Galatians 1:11-2:10

Thesis: Paul’s gospel was from God, not man (1:11-12)

Marks of an authentic gospel message.

  • Transforms lives (1:13-14)
  • Requires a personal encounter (1:15-16)
  • Fiercely guards freedom in Christ (2:3-5)
  • Identical to what original apostles preached (2:6, 9)
  • Leads to a desire to help the poor (2:10)
  • Brings people to Christ. (2:8)

Tell the story of Paul’s life – using a projected picture of the eastern Mediterranean and a timeline

Gal 1:11-12

  • Explain “the gospel”
  • Point out the thesis – Paul’s gospel was directly from God. Therefore no one should tamper with it!
  • He launches into the account of his conversion and the events that followed as a means of proving his point.
  • As we go along he’s going to give evidence that his gospel is supernatural and the only one approved by God.

Gal 1:13-14

Acts 9:1-22

So, what do we learn here?

  • First all, receiving the gospel requires a personal encounter (cf. Gal 1:15-16 – though don’t read this yet)
    • I always get worried when people say they’ve been Christians their whole lives
    • You may not remember a specific time but there will be an obvious difference between before and after (e.g. flying to Canada)
  • Second of all the true gospel changes peoples’ lives. Paul went from a hating, self-promoting murderer to a humble, repentant, testifying follower of Christ. (cf. Gal 1:13-14)
    • Q: Why do you think the true gospel always has this impact on people who are willing to accept it?

Gal 1:15-17

Acts 9:23-30

Gal 1:18-24

Acts 11:19-29

Gal 2:1-10

Let’s see a few more marks of authentic gospel

  • Fiercely guards freedom in Christ (2:3-5)
    • We’ll talk more about this as we study Galatians, so I won’t go into this much here.
    • Stott quote
  • The true gospel is identical to what the original apostles preached (2:6)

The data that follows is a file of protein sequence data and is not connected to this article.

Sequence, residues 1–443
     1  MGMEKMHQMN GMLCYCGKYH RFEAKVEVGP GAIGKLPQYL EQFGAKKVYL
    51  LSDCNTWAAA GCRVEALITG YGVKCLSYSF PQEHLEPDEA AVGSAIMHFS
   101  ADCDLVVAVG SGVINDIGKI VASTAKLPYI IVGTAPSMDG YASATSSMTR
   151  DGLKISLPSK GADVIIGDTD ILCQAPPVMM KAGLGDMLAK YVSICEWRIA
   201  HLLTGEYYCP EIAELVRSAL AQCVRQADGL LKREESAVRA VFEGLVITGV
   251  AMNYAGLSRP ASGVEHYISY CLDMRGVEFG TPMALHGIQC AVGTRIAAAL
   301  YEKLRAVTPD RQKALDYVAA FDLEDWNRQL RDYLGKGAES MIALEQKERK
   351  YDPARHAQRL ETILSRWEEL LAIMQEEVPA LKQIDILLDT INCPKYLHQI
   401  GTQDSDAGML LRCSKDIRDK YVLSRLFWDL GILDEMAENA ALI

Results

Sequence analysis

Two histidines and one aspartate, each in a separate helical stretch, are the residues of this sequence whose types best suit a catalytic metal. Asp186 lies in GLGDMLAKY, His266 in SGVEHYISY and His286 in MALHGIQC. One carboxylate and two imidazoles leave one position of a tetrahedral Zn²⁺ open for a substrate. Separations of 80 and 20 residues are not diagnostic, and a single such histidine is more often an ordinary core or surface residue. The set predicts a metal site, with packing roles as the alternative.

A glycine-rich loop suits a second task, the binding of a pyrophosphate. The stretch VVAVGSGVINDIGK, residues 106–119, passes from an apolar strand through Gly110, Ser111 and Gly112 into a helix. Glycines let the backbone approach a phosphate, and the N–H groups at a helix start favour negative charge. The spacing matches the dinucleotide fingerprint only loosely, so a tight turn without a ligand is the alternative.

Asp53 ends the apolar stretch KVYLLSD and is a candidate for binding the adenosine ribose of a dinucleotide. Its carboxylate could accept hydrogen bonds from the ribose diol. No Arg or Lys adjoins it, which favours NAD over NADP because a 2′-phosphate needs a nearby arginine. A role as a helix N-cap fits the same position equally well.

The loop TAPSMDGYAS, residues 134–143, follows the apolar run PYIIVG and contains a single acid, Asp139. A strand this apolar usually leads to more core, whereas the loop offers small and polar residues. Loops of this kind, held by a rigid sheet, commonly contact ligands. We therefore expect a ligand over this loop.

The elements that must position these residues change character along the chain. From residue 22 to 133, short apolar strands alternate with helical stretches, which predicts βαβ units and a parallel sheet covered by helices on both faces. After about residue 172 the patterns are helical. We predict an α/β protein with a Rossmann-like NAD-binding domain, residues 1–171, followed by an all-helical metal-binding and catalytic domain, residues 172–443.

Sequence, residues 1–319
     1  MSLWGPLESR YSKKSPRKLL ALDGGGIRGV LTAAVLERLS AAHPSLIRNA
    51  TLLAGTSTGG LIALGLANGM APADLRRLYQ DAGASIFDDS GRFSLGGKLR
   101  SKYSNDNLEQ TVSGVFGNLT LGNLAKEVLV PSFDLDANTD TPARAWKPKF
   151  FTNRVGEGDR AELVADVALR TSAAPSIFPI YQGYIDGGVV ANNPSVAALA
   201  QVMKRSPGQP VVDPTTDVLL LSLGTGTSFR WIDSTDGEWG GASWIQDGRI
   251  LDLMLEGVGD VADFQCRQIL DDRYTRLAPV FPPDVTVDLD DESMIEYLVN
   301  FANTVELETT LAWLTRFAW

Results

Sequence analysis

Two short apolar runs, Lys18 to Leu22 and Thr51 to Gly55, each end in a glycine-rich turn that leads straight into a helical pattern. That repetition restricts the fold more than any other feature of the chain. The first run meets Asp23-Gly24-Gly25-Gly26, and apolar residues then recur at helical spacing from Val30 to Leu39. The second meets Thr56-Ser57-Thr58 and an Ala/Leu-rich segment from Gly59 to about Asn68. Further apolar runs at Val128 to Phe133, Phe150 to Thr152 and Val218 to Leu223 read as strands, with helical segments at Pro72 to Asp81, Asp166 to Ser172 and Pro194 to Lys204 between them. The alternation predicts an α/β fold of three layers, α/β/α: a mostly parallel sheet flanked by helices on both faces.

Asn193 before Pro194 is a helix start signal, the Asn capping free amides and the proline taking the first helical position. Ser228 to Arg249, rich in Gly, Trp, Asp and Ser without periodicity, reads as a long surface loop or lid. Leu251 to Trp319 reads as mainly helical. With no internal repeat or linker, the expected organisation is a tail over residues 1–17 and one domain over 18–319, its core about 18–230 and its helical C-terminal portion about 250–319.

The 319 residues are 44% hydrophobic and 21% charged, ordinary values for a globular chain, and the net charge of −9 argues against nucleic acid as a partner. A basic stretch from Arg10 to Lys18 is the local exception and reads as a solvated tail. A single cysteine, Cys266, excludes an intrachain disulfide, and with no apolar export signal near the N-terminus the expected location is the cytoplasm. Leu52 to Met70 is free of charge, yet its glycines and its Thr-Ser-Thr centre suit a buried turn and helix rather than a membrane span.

• Q: How might this apply today? (Since these guys are all dead)
    • Means teaching what the Bible teaches and emphasizing what the Bible emphasizes.
  • It makes you want to help the poor (2:10)
    • Q: What about the gospel makes you want to help the poor?
    • Christians have been confused on this point in the past. They felt like it was one or the others. It’s both.
      • Ultimately the preaching of the gospel should take priority because that is going to be the best for helping the poor.
        • You can help the poor but not transform anyone’s life.
        • But if you truly receive the gospel you can’t help but want to help those who are less fortunate.
    • Note: The modern missions movement has been probably the biggest outpouring of generosity in the history of humanity.
  • It works! (2:8)
    • It doesn’t just change the lives of people who accept it. When you preach the gospel people will come to Christ.
    • Rom 10:17 – “So faith comes from hearing, and hearing by the word of Christ.”
    • There are lots of churches in America who just teach nice morals and be a good person. Those churches have been dying for years. The only ones truly growing are those preaching Scripture. This can be a good gauge of a church’s effectiveness.

Allen quote:

Upon the speaker, too, the effort to express his truth exercises a profound effect. The expression of his experience intensifies it; it renews it; it repeats it; it enlightens it. In speaking of it he goes through it again; in setting it before another he sets it before himself in a new light. He gets a deeper sense of its reality and power and meaning. In speaking of it he pledges himself to the conduct and life which it involves. He proclaims himself bound by it, and every time that his speech produces an effect upon another, that effect reacts upon himself, making his hold upon his truth surer and stronger. – Roland Allen, Spontaneous Expansion of the Church, p. 15

Stott quote:

Incidentally, it is highly significant both that Paul’s critics lodged the charge of antinomianism against him, and that he took time, trouble and space to answer them, without withdrawing or even modifying his message. For this shows conclusively that he did preach the gospel of grace without works. Otherwise, if he did not teach this, the objection would never have been raised. It is the same today. If we are proclaiming Paul’s gospel, with its emphasis on the freeness of grace and the impossibility of self-salvation, we are sure to provoke the charge of antinomianism. If we do not arouse this criticism, the likelihood is that we are not preaching Paul’s gospel.

– John R. W. Stott, The Message of Romans : God’s Good News for the World, The Bible speaks today, 167 (Leicester, England;  Downers Grove, Ill.: InterVarsity Press, 2001, c1994).